Friday, May 4, 2012

Unemployment Statistics

...and damn lies, and then there's statistics. Today the unemployment rate "officially" went down from 8.2 to 8.1%. You may have noticed that no one seems to be getting a job in spite of this rosy rate.

Q and O has several pieces covering this but my favorite is by Dale Franks who points out that:
Additionally, 141,865,000 people were employed in April, down from 142,034,000 in March, a decline of 169,000 in the number of people employed.
So with fewer people actually having jobs, the unemployment rate goes down because more people who were looking, and thus were counted as unemployed, have simply given up, and thus are now simply not counted.

Remember, when workforce participation reached 58% or so, unemployment will be zero.

It is worth noting that it's not retiring boomers that are driving this dropout rate either, in fact the 55 and up demographic is actually  going back to work. It's the younger groups that are taking it in the shorts.

Going back to Dale:
As always, I’d point out that, if the labor force participation rate were at the historical average of 66.2%, the actual unemployment rate for April would be 11.73%, up from 11.56% in March.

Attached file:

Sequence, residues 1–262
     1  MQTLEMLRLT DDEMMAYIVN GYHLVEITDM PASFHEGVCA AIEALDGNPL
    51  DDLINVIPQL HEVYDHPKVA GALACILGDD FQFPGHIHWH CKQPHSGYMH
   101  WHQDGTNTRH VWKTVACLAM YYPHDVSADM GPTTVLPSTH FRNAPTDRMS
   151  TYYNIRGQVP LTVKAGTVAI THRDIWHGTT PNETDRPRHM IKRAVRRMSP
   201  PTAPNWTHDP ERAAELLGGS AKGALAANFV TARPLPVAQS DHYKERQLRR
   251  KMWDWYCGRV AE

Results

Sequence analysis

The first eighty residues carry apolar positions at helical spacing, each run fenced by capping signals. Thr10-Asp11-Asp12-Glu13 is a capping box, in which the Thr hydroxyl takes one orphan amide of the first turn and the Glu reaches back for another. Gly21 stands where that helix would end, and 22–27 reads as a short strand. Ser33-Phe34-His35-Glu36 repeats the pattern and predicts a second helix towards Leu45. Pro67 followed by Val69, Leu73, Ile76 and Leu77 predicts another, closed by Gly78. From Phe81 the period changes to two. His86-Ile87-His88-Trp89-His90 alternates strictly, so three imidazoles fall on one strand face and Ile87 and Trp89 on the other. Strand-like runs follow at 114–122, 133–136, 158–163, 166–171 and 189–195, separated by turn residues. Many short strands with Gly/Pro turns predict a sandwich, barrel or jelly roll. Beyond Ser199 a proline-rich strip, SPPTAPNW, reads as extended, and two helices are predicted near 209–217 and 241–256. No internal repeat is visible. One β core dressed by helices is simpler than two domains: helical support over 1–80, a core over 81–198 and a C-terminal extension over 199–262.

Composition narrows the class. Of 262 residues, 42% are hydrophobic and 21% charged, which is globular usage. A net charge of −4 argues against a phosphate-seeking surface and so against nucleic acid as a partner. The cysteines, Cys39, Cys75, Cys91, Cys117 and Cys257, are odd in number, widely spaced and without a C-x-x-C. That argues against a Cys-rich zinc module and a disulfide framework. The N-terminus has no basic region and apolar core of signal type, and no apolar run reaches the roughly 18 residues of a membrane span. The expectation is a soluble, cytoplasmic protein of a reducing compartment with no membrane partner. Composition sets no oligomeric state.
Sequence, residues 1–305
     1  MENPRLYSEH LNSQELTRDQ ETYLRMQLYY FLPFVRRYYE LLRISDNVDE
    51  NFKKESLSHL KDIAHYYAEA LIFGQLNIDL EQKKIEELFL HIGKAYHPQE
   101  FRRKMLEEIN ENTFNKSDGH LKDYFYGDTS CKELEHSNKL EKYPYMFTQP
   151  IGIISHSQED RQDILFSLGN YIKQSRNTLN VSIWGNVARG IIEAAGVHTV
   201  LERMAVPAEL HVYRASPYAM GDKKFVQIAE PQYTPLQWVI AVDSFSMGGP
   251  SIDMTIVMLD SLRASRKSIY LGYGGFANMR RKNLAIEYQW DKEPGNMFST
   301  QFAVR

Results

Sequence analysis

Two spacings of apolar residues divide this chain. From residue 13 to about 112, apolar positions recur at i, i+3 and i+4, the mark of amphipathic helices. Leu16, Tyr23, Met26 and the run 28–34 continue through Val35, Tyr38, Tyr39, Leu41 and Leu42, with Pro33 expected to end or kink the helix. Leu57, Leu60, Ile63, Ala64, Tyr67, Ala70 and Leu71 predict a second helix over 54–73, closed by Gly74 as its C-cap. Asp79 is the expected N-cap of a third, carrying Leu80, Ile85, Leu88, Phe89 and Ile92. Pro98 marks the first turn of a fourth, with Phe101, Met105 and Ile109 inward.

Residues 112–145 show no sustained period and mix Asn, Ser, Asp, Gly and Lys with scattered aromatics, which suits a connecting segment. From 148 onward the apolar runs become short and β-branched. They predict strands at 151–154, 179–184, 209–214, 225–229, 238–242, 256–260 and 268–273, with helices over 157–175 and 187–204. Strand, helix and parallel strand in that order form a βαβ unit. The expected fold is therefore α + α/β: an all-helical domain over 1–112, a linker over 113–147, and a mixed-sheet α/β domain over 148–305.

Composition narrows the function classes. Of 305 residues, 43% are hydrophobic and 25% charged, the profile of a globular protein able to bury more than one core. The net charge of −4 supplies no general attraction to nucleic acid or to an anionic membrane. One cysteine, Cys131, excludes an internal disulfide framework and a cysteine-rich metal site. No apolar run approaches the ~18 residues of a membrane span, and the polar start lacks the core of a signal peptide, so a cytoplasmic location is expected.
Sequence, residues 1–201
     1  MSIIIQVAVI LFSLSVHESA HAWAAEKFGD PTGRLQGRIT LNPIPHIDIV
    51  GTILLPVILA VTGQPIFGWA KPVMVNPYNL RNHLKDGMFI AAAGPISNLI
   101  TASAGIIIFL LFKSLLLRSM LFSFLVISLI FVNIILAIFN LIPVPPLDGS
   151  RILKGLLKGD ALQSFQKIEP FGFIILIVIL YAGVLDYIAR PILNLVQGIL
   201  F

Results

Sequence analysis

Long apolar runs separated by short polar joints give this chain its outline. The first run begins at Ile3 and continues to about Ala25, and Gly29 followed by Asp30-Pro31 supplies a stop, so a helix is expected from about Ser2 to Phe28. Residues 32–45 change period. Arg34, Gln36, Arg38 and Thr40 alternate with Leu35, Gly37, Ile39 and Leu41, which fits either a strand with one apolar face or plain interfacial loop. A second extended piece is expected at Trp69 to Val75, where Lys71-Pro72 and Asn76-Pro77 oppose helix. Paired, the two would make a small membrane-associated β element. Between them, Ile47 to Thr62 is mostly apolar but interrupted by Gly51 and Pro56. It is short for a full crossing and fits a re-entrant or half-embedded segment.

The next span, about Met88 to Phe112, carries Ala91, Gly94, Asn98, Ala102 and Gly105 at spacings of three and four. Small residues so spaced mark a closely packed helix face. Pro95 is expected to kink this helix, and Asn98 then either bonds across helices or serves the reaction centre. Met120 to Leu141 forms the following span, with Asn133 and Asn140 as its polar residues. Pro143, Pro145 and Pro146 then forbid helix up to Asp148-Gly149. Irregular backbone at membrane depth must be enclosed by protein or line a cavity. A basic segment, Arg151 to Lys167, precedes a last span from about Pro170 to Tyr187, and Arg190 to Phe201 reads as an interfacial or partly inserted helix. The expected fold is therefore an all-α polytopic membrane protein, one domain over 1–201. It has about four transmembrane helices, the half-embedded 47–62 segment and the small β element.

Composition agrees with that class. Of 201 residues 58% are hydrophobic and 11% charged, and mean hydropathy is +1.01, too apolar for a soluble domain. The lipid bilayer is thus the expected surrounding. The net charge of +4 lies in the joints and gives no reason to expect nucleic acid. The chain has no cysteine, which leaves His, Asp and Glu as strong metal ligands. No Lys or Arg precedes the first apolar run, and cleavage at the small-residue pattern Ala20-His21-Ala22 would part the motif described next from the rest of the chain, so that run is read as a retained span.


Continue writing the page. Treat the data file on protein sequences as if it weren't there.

This is the new math. You won't see a resurgence of the old math until a Republican gets elected.


Anonymous said...

The problem with capitalism is that it needs more consumers but fewer workers.

Brad K. said...

The issue here is the "official" statistics.

Two years ago now, Obama stopped extending 2-year unemployment benefits. Well, he stopped or was stopped.

Now, two years later, the number of people drawing unemployment drops. Making the unemployment rate look rosy, on schedule for the Presidential election.

Except for one little thing. The number of people looking for work was re-defined in the Clinton era, for much the same reason Obama capitalizes on the news today. Instead of counting the people wanting a job or a better job, they only count people receiving unemployment payments. Cut off extended unemployment two years before the campaign fund raising season, and today the stats start showing President Obama in a good light, a light of contrived deceit.

The sad part is how very many people have come to expect the current state of eroding values in the market place as "the way it is supposed to be".